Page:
And the Wall Street Journal reports on the messy Italian election results, "Italy Vote Brings Political Gridlock":
ROME—In a national election meant to push Italy further down a path of economic reform, voters delivered political gridlock that could once again rattle Europe's financial stability.More at Business Week, "In Italy's Disarray, Berlusconi Emerges Anew as a Power." And at the Economist, "Italian politics: A dangerous mess."
Markets fell in response to returns. Yields on 10-year Italian bonds jumped 0.45 percentage point in mid-morning trading to 4.81%, their highest level this year. Spanish yields were higher by nearly 0.2 percentage point, and bonds of Portugal and Greece were hit as well. Bond yields rise when their prices fall.
In early trading, stock markets in France, Germany, Spain and Italy were each down around 2%. Hardest hit was the Italian benchmark, which traded down around 4%. Italian banks suffered particularly. UniCredit SpA fell sharply.
The Dow Jones Industrial Average swung nearly 300 points Monday, ending with its worst day in almost four months, as the prospects of a stable government appeared to drop.
A majority of voters endorsed parties that had promised to tone down or even reverse the financial sacrifices Italy has promised its European partners, giving surprise lifts to both the center-right coalition of former premier Silvio Berlusconi and a party of protest led by a former comedian.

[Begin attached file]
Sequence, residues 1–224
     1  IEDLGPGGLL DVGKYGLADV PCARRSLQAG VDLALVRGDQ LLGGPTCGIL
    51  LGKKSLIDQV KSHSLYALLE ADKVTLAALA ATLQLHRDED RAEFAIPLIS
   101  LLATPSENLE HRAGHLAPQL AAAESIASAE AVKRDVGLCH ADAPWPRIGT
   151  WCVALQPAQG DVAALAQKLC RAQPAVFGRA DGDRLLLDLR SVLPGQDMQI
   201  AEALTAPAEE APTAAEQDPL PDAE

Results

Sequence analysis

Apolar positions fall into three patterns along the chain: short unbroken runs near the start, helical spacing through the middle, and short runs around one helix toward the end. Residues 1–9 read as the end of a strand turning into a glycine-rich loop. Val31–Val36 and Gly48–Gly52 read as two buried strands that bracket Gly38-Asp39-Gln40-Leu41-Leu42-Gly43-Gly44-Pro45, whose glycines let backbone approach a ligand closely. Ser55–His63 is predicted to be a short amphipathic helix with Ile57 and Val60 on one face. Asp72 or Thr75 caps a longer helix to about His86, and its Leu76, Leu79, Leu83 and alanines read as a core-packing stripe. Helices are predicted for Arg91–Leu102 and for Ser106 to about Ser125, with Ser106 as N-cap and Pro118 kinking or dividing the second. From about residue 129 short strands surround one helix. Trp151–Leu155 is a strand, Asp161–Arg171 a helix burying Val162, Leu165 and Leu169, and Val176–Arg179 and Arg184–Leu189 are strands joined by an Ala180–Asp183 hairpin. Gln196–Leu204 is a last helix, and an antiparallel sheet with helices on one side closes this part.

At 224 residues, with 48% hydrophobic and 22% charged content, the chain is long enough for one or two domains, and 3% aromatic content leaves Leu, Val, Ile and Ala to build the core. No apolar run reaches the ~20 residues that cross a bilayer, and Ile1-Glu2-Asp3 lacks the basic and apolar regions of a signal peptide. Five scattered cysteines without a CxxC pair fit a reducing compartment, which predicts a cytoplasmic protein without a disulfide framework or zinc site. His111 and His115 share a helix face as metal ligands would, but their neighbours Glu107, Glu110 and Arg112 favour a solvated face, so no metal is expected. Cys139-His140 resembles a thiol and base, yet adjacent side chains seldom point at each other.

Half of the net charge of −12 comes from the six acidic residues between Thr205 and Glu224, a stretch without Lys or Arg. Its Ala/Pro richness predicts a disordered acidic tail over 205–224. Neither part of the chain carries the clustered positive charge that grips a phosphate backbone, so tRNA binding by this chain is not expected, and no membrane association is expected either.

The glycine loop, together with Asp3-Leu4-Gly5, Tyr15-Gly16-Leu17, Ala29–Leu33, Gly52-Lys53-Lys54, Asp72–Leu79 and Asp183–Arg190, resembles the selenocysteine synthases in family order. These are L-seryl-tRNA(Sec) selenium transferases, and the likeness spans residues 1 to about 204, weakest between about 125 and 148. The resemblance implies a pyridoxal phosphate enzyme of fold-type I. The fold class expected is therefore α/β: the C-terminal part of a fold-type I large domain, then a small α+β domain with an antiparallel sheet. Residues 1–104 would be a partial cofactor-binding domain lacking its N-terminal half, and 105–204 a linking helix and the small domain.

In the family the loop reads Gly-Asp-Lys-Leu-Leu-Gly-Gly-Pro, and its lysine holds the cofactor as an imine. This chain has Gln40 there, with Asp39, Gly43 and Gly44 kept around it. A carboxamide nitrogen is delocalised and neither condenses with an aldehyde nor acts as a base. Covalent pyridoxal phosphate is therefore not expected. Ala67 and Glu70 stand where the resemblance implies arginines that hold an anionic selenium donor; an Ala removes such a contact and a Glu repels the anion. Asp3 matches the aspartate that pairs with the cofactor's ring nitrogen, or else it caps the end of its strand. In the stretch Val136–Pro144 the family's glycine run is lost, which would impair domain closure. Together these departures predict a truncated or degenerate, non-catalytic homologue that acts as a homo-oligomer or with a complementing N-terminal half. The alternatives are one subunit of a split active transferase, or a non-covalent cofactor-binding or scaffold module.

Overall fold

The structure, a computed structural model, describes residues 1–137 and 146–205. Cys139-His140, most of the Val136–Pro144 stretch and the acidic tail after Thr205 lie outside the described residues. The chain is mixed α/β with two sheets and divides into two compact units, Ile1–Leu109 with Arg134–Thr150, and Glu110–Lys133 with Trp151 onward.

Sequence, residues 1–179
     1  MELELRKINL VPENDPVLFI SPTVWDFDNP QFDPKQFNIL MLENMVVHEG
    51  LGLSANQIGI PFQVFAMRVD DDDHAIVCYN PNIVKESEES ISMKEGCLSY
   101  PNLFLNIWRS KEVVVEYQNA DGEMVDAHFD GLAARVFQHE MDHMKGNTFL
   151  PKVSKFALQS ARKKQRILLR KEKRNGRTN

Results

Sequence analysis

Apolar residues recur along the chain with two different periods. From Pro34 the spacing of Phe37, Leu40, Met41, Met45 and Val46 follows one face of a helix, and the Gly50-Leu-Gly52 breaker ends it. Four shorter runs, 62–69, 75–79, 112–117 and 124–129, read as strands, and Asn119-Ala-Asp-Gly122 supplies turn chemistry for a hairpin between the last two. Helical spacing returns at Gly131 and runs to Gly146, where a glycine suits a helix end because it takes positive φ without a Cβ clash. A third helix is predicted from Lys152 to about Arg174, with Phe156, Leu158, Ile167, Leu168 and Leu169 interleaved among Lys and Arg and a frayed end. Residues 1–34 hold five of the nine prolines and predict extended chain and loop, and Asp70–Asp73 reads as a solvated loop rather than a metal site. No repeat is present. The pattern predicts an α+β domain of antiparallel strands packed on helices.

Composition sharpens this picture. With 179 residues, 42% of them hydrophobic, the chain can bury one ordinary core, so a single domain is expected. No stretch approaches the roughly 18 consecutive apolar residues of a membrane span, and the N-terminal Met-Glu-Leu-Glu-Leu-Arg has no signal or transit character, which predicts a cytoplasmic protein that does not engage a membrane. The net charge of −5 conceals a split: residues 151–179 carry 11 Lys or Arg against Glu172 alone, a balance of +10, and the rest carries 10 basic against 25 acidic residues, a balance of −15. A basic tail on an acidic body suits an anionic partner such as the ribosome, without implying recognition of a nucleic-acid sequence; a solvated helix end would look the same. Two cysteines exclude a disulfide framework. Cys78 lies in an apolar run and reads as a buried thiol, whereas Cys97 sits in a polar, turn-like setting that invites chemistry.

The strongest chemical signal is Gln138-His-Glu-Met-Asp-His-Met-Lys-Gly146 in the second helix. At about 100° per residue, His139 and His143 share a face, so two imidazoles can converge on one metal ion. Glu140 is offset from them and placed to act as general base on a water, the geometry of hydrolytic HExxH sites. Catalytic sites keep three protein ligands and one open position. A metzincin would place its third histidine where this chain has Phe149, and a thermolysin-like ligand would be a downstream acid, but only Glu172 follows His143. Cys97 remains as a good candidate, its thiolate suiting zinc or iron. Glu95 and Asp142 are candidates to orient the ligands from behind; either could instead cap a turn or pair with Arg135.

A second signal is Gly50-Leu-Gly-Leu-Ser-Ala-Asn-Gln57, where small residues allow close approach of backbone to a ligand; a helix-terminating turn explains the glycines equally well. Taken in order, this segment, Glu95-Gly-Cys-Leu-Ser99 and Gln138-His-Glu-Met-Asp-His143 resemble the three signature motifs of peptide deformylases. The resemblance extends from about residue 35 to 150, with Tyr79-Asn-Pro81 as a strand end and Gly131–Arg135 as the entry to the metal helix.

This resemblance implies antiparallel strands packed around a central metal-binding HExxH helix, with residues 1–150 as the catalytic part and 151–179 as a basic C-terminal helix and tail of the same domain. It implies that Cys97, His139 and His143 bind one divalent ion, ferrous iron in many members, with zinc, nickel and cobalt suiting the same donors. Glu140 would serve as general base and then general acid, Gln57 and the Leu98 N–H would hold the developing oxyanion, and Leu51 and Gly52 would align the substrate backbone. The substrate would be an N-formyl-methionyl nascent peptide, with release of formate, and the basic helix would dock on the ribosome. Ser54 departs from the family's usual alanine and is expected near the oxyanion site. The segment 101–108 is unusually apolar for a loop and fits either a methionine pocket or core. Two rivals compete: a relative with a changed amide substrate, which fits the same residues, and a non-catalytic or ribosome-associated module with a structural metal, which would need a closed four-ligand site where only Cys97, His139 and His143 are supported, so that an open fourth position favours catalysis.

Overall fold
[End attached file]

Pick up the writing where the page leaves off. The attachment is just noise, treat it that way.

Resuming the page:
Early Tuesday, the left-wing coalition led by the Democratic Party's Pier Luigi Bersani appeared to have gained a razor-thin victory in the lower house of parliament over the center-right coalition headed by Mr. Berlusconi—29.6% to 29.2%, final data from the Interior Ministry showed. By leading the vote count in the lower house, the Democratic Party will automatically get the majority of 340 out 630 seats and, therefore, will likely receive the mandate to form a government.
he Senate, however, appeared headed for political impasse. The Democratic Party was the leading vote-getter in the upper house as well, by less than one percentage point. But its 31.6% result fails to provide its coalition with a majority to pass legislation. If a new government isn't able to guarantee clear parliamentary support, Italians could return to the polls within months.
Battle lines were already being drawn late Monday. The Democratic Party declared slim victories in both houses, saying it will keep Italy's interests in mind during this "very delicate situation for the country." But a top official in Mr. Berlusconi's center-right coalition said he is asking the country's interior minister to call the vote a draw.
The apparent stalemate reflects the groundswell of support for former comedian Beppe Grillo's Five-Star Movement. His throw-the-rascals-out platform drew enough voters to give it nearly as many votes as Italy's mainstream coalitions—25.6% in the lower house, according to final data from the Interior Ministry, making it the single largest party in that house.